The polar cap can become teardrop shaped through the poleward expansion of the dusk and dawn sectors of the auroral oval, to form what is called horse collar aurora (HCA). The formation of HCA has been linked to dual-lobe reconnection (DLR) where magnetic flux is closed at the dayside magnetopause. A prolonged period of northward IMF is required for the formation of HCA. HCA have previously been identified in UV images captured by the Special Sensor Ultraviolet Spectrographic Imager (SSUSI) instrument on-board the Defense Meteorological Satellite Program (DMSP) spacecraft F16, F17 and F18. Events that have concurrent 630.0 nm all-sky camera (ASC) data from the Redline Geospace Observatory (REGO) Resolute Bay site are now studied in more detail, making use of the higher cadence of the ASC images compared to DMSP/SSUSI. 11 HCA events are studied and classified based on the IMF conditions at the end of the event. Five of the events were found to end via a southward turning of the IMF, two end with positive By dominated IMF and four with negative By dominance. Under positive (negative) By the arcs move duskward (dawnward) in the northern hemisphere with the opposite true in the southern hemisphere. Under a southward turning the arcs move equatorward. One event is of particular interest as it occurred while there was a transpolar arc (TPA) also present. Understanding the evolution of HCA will allow DLR to be studied in more detail.
We built an integrated nonlinear analysis software -INA- designed to study space plasma turbulence and intermittency. The MATLAB programming environment was used for the algorithmic development and implementation of methods for spectral analysis, multiscale fluctuations and multifractal analysis. The performance of INA is demonstrated using magnetic field measurements from the Cluster 3 spacecraft during an inbound pass through the Earth’s magnetosheath region. We show how specific features of the power spectral density (PSD) can be mapped to localised time-frequency regions in the spectrogram representation, and identify multiple intermittent events using the wavelet-based local intermittency measure (LIM). Multiscale probability density functions (PDFs) showed clear departures from Gaussianity, signifying the presence of intermittency. Structure functions (SFs) and rank-ordered multifractal analysis (ROMA) revealed the multifractal nature of the analysed signal. INA is freely distributed as a standalone executable file to any interested user, and provides an integrated, interactive, and user-friendly environment in which one can import a dataset, customize key analysis parameters, apply multiple methods on the same signal and then export high-quality, publication-ready figures. These are only a few of the many distinguishing features of INA.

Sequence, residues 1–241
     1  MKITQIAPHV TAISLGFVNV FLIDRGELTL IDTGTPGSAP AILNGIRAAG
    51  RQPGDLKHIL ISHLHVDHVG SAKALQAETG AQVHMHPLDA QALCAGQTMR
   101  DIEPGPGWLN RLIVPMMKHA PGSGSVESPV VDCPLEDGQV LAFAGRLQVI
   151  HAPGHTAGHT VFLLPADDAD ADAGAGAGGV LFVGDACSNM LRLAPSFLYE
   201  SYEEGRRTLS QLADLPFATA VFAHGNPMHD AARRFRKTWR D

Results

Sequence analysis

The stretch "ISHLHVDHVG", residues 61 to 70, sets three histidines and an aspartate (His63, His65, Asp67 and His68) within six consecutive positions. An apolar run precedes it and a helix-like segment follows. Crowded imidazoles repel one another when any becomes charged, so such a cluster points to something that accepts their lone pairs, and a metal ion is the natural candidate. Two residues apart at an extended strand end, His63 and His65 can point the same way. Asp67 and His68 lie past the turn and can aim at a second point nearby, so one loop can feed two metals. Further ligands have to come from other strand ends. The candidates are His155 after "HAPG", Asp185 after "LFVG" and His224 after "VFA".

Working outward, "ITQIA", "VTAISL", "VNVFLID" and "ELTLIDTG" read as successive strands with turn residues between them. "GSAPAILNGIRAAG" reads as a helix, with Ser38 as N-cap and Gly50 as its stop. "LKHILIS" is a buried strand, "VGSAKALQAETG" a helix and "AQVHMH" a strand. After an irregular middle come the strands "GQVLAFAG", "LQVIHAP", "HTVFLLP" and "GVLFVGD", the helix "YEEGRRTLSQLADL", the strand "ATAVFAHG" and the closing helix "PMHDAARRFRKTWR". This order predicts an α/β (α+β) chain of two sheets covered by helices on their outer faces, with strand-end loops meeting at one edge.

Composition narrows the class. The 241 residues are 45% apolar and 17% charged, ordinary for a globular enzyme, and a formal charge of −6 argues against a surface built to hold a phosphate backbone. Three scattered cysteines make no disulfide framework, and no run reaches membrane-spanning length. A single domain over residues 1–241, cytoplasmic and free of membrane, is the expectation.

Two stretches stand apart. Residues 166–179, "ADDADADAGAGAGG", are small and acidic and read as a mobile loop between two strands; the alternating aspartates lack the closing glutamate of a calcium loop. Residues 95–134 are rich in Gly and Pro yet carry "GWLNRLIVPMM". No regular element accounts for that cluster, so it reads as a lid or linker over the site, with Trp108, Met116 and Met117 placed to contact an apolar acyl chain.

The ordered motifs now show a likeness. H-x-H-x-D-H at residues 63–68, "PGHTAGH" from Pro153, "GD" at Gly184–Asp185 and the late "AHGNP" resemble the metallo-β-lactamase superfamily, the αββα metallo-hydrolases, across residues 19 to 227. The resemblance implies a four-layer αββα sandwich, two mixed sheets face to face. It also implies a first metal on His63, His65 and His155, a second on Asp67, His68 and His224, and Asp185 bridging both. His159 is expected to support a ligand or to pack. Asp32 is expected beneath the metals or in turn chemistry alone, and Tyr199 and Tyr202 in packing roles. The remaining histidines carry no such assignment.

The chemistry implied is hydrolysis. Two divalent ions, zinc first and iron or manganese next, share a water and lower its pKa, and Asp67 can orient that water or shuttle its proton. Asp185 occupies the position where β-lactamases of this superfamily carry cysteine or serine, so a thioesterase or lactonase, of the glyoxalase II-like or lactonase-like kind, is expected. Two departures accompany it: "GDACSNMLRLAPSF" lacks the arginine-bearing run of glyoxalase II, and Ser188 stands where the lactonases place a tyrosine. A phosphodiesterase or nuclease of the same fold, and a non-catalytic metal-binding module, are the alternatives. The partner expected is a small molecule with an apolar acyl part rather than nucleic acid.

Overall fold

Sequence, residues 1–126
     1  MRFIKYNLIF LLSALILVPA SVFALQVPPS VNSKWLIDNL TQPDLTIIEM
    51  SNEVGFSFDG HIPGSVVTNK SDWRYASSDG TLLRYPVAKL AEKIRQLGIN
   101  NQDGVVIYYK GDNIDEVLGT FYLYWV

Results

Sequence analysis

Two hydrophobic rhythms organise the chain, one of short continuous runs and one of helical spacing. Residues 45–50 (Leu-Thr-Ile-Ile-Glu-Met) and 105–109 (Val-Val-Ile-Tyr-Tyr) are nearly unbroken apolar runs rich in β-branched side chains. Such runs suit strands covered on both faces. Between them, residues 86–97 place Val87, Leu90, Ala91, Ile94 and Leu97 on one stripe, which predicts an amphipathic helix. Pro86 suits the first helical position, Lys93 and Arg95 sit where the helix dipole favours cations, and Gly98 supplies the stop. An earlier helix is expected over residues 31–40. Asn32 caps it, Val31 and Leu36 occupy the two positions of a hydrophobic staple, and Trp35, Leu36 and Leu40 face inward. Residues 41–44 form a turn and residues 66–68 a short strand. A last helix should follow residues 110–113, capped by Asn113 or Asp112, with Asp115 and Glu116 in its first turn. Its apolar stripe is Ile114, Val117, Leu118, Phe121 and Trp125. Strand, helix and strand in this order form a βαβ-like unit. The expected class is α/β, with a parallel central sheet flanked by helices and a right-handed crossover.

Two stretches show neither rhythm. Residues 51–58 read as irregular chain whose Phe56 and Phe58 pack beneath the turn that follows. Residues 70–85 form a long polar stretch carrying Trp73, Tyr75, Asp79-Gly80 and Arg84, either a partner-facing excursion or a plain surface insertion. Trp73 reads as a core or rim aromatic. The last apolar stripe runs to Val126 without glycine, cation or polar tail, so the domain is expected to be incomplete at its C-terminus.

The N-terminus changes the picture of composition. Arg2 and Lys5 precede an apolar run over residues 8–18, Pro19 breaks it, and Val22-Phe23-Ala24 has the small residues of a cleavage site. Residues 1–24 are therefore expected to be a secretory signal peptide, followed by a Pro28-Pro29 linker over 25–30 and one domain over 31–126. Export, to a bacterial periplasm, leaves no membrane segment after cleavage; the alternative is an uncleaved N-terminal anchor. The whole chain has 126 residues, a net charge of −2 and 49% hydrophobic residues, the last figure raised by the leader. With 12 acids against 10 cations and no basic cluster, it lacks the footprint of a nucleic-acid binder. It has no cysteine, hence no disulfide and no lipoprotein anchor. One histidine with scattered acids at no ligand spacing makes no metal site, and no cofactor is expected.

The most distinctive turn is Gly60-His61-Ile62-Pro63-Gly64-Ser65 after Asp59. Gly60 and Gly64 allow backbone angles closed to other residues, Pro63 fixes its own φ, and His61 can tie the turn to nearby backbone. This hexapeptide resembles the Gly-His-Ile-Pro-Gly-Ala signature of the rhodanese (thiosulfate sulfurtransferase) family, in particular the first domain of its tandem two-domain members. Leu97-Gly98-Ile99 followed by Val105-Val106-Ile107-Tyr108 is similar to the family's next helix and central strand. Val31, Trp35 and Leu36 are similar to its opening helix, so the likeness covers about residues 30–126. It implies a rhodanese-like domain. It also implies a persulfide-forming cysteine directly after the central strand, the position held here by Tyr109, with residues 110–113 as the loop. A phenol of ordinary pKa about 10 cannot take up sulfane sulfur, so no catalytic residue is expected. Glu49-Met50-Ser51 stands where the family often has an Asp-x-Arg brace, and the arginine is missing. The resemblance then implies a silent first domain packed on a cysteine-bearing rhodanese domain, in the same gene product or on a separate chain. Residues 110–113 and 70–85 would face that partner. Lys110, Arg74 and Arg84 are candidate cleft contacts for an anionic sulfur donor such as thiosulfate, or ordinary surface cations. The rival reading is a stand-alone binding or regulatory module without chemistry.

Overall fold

Solar Energetic Protons (SEPs) have been shown to contribute significantly to the inner zone trapped proton population for energies < 100 MeV and L > 1.3 (Selesnick et al., 2007). The Relativistic Electron Proton Telescope (REPT) on the Van Allen Probes launched 30 August 2012 observed a double-peaked (in L) inner zone population throughout the 7-year lifetime of the mission. It has been proposed that a strong SEP event accompanied by a CME-shock in early March 2012 provided the SEP source for the higher L trapped proton population, which then diffused radially inward to be observed by REPT at L ~ 2. Here, we follow trajectories of SEP protons launched isotropically from a sphere at 7 Re in 15s cadence fields from an LFM-RCM global MHD simulation driven by measured upstream solar wind parameters. The timescale of the interplanetary shock arrival is captured, launching a magnetosonic impulse propagating azimuthally along the dawn and dusk flanks inside the magnetosphere, shown previously to produce SEP trapping. The MHD-test particle simulation uses GOES proton energy spectra to weight the initial radial profile required for the radial diffusion calculation over the following two years. GOES proton measurements also provide a dynamic outer boundary condition for radial diffusion. A direct comparison with REPT measurements 20 months following the trapping event in March 2012 provides good agreement with this novel combination of short-term and long-term evolution of the newly trapped protons.